We celebrate the 150th anniversary of the first publication of
The Wichita City Eagle newspaper this month! The first issue exited the presses on April 12, 1872 and was distributed to its local customers.
Billed as a Republican opinionated newspaper, the
Eagle promoted Wichita as the town to find success, whether that be in real estate, farming, cattle, business, or any endeavor. Founder, writer, and editor Marshall M. Murdock built his business into a proud Wichita institution. People were drawn to his flamboyant style of writing and promotion of Wichita as the “Peerless Princess of the Plains”.
Eagle had two early locations. First, the newspaper found a home at 3rd and Main Street. And after construction was complete on a brand-new building, the paper moved to the southeast corner of Douglas and Main Street into a building known as the Eagle Block.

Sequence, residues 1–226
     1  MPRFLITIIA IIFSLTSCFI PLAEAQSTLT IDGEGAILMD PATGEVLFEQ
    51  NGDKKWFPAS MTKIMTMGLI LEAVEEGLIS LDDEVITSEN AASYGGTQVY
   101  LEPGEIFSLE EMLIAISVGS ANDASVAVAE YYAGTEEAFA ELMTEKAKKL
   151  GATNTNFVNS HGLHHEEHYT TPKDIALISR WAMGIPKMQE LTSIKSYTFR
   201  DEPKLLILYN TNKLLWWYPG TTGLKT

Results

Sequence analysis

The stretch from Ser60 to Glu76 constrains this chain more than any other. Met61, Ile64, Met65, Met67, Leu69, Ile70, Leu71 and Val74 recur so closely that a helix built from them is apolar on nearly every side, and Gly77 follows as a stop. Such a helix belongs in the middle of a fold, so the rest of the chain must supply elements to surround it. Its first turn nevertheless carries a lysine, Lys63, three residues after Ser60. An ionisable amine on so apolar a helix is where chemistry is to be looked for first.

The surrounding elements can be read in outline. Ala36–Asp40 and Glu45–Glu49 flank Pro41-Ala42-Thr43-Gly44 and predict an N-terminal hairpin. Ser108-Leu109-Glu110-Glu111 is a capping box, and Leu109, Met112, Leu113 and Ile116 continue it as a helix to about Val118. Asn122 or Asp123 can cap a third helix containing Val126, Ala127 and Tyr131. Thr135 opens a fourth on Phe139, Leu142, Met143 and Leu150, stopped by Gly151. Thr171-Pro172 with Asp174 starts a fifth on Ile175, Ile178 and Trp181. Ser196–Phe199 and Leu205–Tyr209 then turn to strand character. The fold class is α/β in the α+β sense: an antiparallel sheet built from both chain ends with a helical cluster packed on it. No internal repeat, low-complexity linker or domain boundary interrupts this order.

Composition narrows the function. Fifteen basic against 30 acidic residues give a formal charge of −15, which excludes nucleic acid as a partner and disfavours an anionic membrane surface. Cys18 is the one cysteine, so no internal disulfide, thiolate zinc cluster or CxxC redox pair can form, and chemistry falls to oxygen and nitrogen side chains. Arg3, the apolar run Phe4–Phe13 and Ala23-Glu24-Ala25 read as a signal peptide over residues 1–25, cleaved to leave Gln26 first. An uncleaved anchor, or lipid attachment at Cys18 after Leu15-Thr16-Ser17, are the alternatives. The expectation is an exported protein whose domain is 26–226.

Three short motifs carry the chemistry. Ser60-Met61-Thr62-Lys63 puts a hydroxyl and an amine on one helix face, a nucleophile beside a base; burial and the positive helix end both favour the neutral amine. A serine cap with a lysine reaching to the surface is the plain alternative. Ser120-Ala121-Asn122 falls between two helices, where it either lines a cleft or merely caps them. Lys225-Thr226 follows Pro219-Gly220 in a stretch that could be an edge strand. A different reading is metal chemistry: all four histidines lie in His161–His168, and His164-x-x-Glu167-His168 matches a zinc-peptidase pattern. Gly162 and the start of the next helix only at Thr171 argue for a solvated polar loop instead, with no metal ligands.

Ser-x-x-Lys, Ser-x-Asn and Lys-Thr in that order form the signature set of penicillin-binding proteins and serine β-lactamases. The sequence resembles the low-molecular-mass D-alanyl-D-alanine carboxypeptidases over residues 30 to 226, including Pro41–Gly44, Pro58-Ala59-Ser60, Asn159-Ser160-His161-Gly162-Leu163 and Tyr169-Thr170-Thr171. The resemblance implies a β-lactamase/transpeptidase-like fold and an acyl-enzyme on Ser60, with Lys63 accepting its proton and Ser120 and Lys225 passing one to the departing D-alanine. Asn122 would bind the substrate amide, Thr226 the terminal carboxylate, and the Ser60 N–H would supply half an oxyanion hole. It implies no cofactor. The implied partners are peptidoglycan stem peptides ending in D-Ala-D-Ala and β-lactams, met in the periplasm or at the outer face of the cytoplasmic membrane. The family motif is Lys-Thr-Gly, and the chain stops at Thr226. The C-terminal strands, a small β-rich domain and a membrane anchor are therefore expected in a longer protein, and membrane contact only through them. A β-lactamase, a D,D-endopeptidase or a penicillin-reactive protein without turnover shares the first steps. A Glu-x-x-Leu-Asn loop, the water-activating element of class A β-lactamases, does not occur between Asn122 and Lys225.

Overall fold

Eagle evolved in many ways over the years. It started as a weekly paper before switching to daily. Marshall Murdock ran the paper until his death; management continued in his family with wife Victoria and upon her death their son Victor. The
Eagle and its main competitor the
Beacon eventually merged. The newspaper is mostly available online now.
Here at Old Cowtown Museum, we have a standing permanent exhibit commemorating the
Eagle. Please stop by this building on your visit and learn about printing techniques, ink, the Washington press, and typesetting. You may even run into a printer working inside…
Happy birthday to
The Wichita City Eagle newspaper!